The London Years: Isadore Goldman & Son, 1895-1939 – Part Three banner

News & Articles

Home / News & Articles / The London Years: Isadore Goldman & Son, 1895-1939 – Part Three

The London Years: Isadore Goldman & Son, 1895-1939 – Part Three

  • Posted on

In 1895, founder Isadore Goldman boldly moved his legal practice from Sunderland to 9 Southampton Street in central London. This fateful decision marked the beginning of over 125 years of continuous operation in the capital.


Joining his father in London, Isadore's eldest son Joseph "Joe" Goldman qualified as a solicitor in 1914 and became a partner in 1918. The firm's name - Isadore Goldman & Son - was formally adopted that same year.


Joe Goldman brought great energy and ambition to the practice. Despite being severely wounded at Passchendaele during World War I, he built up an impressive litigation practice focused on bankruptcy and agency work in the 1920s and 30s.


Vivid accounts from clerk John Topley reveal a bustling, Dickensian office with high stools at lofty desks, purple copying ink, temperamental coal fires needing constant stoking, and no phones, electric typewriters or dictating machines.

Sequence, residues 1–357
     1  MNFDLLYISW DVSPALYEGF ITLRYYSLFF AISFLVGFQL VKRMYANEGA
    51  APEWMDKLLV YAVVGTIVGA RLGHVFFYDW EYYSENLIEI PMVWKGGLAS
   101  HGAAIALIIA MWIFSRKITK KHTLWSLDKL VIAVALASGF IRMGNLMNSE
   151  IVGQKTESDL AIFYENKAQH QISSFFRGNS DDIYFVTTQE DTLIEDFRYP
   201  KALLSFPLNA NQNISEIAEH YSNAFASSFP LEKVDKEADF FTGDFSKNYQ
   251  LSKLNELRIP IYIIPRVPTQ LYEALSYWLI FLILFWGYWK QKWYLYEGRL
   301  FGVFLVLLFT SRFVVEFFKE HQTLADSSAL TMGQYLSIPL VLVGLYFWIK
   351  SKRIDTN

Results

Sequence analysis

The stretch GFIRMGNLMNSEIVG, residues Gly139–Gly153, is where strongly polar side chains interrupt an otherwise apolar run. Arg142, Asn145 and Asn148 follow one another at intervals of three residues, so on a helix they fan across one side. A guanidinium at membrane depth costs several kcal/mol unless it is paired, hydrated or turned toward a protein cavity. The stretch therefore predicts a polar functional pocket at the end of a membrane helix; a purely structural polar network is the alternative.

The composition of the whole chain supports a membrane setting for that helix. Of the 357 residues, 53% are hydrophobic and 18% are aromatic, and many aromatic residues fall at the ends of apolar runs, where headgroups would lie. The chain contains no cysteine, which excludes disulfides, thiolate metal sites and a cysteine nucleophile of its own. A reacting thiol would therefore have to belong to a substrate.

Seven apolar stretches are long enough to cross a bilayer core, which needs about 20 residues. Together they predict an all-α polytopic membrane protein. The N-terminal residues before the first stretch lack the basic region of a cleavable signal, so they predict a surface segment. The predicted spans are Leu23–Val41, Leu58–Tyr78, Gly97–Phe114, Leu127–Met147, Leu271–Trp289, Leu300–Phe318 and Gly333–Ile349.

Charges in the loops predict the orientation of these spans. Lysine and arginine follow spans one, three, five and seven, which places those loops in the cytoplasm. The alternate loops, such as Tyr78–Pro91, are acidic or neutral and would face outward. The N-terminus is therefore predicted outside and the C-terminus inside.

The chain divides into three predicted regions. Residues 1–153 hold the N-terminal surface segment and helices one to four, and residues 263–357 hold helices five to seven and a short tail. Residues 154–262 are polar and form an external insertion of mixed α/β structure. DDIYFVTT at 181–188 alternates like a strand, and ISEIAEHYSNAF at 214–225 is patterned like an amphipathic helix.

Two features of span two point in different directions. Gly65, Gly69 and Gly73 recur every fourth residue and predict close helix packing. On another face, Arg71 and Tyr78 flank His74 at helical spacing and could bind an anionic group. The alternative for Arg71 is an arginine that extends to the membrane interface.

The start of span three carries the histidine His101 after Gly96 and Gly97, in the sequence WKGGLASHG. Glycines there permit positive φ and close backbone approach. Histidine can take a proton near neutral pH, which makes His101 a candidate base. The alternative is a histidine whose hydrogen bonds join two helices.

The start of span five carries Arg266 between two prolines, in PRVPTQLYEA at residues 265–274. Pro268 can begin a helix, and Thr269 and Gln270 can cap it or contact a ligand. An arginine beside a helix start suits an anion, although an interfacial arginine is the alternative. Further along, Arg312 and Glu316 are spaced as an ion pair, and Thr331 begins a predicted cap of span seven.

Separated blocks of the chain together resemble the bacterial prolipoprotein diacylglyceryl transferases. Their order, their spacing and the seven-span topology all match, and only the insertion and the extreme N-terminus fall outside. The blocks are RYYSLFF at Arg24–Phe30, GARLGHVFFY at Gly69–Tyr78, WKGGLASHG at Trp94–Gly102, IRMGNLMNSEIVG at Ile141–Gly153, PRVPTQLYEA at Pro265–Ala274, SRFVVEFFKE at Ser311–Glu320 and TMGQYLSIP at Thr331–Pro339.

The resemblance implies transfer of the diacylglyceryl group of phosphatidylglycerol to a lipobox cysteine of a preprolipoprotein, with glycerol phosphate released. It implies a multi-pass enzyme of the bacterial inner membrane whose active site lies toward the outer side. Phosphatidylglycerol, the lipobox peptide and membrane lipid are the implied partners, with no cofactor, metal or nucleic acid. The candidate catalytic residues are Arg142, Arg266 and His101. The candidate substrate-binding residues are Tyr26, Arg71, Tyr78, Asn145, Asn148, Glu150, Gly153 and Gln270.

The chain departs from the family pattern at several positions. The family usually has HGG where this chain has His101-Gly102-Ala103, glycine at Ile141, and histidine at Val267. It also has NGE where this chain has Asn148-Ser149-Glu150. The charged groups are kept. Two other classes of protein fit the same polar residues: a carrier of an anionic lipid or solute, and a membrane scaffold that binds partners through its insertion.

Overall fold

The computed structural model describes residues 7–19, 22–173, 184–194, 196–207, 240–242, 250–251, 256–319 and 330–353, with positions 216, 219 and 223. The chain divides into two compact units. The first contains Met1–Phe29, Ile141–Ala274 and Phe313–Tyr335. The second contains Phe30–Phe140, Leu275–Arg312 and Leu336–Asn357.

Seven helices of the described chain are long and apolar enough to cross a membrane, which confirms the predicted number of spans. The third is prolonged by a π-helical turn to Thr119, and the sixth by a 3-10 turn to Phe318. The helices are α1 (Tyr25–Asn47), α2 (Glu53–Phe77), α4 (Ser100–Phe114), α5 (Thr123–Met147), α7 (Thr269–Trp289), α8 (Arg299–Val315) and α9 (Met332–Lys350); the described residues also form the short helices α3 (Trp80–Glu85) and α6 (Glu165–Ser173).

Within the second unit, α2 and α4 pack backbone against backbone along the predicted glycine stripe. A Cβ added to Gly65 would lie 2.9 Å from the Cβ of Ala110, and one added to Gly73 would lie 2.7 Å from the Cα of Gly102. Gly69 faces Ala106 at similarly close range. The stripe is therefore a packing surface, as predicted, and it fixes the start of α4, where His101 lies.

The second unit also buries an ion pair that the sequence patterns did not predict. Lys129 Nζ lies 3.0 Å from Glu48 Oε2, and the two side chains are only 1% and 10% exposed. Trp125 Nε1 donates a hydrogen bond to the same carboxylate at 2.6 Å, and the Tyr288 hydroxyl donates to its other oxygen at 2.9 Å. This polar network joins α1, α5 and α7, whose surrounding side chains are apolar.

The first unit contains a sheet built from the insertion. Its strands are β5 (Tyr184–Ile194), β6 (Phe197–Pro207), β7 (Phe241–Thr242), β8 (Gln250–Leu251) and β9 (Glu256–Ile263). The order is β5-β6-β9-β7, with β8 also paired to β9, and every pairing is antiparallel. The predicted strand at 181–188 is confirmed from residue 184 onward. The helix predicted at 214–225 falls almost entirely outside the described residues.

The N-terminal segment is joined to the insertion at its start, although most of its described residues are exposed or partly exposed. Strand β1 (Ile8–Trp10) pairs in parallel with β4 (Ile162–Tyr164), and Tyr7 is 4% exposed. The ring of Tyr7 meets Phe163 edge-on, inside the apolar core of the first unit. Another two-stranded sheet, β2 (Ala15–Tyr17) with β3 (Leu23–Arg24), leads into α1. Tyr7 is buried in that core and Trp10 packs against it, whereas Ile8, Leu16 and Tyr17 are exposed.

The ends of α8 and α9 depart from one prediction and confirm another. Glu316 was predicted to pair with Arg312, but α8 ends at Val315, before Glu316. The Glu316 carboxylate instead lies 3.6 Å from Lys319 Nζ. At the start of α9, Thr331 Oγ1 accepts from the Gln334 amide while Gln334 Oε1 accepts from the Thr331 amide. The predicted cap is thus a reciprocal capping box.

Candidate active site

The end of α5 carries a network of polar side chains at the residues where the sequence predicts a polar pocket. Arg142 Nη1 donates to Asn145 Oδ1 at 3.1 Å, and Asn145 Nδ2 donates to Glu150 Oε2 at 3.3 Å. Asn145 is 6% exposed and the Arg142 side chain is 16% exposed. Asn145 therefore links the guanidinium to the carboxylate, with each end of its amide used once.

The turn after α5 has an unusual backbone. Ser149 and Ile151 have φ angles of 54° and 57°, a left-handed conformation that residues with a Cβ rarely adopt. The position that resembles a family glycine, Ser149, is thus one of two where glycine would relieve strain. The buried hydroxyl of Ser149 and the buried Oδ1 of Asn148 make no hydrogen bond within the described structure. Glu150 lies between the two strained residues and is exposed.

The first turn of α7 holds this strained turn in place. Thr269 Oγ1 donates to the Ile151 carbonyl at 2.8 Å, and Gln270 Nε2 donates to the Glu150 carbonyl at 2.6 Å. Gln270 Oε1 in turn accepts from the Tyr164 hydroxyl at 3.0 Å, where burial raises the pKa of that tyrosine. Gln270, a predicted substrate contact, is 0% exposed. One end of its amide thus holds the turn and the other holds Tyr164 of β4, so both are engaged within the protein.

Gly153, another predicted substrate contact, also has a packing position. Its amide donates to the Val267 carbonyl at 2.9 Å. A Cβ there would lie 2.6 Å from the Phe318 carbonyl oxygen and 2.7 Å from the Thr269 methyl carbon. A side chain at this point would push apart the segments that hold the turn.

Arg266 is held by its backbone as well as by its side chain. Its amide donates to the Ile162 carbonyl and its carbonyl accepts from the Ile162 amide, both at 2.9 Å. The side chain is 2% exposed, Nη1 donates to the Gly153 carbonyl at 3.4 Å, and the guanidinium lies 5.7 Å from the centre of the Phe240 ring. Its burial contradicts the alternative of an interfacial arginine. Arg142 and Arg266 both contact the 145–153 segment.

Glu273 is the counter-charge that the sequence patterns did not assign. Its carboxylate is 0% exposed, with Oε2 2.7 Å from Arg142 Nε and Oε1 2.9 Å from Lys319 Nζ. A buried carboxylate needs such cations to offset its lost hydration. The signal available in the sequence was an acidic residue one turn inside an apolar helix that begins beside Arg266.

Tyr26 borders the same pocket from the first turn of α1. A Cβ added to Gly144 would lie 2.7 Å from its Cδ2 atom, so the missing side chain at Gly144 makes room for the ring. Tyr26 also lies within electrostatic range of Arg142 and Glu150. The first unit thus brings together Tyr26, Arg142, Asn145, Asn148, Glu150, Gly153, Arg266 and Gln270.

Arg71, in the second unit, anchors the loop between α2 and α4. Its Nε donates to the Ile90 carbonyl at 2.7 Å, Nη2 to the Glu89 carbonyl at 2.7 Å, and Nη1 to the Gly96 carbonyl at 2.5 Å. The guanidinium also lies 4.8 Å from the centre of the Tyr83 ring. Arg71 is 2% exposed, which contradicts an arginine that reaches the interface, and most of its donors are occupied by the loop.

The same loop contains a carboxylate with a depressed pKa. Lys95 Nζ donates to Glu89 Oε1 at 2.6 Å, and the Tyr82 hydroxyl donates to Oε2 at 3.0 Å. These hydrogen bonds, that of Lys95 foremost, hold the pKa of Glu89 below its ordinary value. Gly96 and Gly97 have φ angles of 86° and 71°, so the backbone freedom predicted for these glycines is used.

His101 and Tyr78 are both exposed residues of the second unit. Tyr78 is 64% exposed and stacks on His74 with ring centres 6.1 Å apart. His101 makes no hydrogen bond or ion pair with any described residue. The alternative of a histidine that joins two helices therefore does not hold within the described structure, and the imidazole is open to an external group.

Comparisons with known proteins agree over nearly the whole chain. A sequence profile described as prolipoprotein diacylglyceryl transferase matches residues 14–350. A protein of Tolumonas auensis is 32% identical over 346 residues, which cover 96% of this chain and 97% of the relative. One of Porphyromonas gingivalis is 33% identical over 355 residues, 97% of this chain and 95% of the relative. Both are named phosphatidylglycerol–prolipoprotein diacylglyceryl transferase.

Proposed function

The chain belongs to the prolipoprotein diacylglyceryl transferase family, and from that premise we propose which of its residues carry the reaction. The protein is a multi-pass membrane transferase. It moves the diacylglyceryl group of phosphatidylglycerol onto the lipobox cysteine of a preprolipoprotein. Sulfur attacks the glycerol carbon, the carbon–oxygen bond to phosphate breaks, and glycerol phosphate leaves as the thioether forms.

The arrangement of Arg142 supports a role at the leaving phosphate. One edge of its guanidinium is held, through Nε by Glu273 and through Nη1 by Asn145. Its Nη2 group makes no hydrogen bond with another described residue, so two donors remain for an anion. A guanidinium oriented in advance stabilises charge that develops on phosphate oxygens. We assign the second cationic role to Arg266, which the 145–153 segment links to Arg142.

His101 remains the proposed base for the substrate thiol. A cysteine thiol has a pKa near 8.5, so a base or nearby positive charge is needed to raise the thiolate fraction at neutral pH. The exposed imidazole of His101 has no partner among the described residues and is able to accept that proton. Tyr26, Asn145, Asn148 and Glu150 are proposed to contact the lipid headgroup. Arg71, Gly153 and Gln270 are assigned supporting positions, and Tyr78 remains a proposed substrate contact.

Yet Isadore Goldman & Son attracted prominent barrister clients like Douglas Hogg, later Lord Chancellor, due to a keen eye for legal talent. This fostered lifelong professional relationships spanning decades.


Joe Goldman relished colourful, high-profile bankruptcy cases, including those of 1920s politicians Horatio Bottomley and Maundy Gregory. Such cases cemented the firm's strong reputation in insolvency law - a specialisation they still pride themselves on today.


The decision to "go west" to London in Victoria's reign proved a pivotal moment for Isadore Goldman. It laid the foundations for an influential West End legal practice that has not only endured, but thrived over 13 decades.

Isadore Goldman and his wife Minnie Wolfe

Up Next Part 4: Isadore Goldman & Son: Weathering the WWII Blitz

    Get in touch